Victor doubted the marquise would appreciate. “We, Your Majesty?”
“Minion, you are my official guide.” Apparently, Victor had gotten yet another promotion. “You take care of the trip, I take care of the food. Now, what have you found?”
“Quite a lot, actually. That Old Money perk is goddamn useful.” Especially when used during a total massacre. No wonder the nobles managed to live the high life. “A Ring of Fire Resistance, a Horn of Wyvern Calling, a golden statuette of Mithras, a Firebomb Necklace, a pair of Solar Bracers and a lot of gold pieces I couldn’t count, probably twenty thousand.”
Since the dragon’s attack had burned everything, melting even the trolls’ metal armors and swords he had found, the Old Money perk had probably materialized these rewards from nothing. “You sound like an expert retriever, minion. I did not know this.”
“That’s thanks to my Eye for Treasure,” Victor replied. “It’s a class skill that allows me to identify items and their value.” Fabulous for thieves.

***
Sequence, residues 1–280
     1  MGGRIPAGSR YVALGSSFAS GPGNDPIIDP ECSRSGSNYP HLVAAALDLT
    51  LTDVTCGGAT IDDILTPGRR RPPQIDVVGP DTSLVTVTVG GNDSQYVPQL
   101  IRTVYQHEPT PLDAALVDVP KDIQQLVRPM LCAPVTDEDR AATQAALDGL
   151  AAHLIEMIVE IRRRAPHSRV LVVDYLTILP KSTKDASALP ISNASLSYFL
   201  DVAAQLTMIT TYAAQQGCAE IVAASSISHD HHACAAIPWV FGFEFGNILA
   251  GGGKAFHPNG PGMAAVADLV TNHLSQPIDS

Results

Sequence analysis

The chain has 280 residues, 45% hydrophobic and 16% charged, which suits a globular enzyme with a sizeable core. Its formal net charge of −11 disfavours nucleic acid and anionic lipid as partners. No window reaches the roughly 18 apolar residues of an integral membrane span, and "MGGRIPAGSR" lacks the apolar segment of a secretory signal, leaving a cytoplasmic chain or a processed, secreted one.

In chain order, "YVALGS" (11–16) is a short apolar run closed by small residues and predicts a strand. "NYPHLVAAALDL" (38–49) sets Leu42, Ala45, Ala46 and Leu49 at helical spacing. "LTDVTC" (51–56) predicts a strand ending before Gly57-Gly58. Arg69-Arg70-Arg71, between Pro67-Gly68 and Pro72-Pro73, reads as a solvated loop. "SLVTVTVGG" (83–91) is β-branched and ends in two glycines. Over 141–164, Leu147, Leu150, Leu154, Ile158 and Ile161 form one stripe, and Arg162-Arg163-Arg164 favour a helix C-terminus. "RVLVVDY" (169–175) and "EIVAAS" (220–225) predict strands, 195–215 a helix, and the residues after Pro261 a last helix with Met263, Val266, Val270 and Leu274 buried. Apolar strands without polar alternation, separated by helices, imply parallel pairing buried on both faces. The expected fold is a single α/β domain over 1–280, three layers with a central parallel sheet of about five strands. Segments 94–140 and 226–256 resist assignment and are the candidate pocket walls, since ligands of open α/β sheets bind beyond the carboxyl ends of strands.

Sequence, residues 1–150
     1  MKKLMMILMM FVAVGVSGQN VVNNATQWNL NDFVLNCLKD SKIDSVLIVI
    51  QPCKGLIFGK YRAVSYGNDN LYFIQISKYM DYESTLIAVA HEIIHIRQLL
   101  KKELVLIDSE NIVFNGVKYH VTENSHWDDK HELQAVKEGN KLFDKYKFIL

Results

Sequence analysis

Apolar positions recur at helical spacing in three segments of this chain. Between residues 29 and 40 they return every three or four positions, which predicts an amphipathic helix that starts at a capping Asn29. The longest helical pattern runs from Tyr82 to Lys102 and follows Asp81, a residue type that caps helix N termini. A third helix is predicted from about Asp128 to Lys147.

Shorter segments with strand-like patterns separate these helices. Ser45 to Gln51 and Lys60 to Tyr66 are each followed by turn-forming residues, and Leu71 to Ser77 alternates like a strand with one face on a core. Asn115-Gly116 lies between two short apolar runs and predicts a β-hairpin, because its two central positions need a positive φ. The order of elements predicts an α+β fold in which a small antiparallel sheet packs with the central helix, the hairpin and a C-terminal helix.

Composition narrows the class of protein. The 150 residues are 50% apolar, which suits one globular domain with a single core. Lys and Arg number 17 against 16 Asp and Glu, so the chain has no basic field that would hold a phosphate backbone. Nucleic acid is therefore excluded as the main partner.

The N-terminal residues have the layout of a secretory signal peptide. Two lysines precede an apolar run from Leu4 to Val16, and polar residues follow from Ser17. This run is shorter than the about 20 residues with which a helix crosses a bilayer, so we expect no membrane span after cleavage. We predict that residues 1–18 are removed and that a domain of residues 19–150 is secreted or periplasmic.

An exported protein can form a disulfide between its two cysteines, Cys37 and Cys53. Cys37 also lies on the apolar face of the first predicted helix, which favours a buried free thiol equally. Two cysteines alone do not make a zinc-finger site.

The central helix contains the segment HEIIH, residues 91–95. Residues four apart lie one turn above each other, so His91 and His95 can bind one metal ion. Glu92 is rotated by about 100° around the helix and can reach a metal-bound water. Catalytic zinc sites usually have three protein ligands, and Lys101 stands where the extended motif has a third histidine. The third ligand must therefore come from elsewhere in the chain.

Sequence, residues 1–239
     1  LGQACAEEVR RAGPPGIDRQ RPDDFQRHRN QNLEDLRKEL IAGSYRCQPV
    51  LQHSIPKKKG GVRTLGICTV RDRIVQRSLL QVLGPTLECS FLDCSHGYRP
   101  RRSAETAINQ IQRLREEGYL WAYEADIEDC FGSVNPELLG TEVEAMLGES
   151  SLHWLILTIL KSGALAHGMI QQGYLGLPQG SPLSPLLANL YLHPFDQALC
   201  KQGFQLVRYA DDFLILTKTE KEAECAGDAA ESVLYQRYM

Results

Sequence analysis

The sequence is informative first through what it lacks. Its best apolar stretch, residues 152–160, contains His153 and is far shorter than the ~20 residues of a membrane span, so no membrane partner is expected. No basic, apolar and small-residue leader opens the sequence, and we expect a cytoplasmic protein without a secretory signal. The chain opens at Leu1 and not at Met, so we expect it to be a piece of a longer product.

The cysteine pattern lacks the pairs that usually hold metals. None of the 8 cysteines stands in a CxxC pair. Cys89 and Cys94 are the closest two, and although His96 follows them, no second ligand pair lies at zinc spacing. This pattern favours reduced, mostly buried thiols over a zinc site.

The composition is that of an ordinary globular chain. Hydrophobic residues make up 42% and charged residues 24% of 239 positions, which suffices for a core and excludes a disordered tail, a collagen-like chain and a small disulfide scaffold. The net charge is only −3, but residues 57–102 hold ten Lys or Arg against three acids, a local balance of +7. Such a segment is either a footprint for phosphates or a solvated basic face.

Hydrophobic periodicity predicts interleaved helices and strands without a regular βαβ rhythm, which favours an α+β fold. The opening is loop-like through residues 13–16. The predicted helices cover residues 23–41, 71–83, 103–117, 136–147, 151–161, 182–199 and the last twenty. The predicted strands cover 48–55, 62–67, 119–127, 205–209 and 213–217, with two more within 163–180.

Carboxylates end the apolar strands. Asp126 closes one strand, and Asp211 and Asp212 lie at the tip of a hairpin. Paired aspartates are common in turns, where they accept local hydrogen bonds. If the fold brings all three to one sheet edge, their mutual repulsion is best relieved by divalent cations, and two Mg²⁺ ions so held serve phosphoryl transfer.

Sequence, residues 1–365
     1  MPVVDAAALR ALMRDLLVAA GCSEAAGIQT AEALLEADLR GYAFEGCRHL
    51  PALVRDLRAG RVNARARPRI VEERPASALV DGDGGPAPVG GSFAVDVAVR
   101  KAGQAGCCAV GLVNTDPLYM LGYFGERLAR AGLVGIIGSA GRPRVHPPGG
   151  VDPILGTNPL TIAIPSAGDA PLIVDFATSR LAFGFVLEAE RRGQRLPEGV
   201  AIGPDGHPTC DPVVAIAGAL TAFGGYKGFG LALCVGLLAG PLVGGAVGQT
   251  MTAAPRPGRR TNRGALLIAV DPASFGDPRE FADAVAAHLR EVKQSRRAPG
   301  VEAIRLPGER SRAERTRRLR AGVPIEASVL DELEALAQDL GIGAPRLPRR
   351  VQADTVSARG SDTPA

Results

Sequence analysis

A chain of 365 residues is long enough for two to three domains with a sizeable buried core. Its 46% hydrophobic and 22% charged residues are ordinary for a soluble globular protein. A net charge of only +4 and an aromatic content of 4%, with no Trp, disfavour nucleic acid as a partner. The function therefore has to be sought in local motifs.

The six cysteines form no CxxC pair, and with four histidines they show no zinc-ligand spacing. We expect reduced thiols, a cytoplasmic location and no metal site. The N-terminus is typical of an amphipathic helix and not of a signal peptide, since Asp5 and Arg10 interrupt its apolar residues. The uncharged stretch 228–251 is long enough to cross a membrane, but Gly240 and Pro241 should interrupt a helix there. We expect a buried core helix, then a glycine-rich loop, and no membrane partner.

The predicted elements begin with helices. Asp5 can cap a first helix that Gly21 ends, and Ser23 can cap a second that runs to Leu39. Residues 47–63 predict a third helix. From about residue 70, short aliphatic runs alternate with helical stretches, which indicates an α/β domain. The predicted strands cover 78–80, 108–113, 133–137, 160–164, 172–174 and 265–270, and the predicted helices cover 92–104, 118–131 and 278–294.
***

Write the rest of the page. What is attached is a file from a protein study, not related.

“What about this Lesser Poison Resistance perk I received yesterday? You said I could only get one every two levels.”
“Yes, for class perks. There are two categories of perks, class perks and personal perks. The first are obtained by leveling up, the others by fitting specific criteria, like eating too much poison. I heard it’s very rare to get it this way.”
“Who else but a dragon to unlock it?” Vainqueur declared proudly. “Put the treasure with the rest. We return to my hoard, and then we go…” The dragon left the sentence hanging.
“Hunt the kraken of Messaline, Your Majesty?” Victor suggested.
“Hunt the sixty thousand coins squid, my thought exactly, minion.”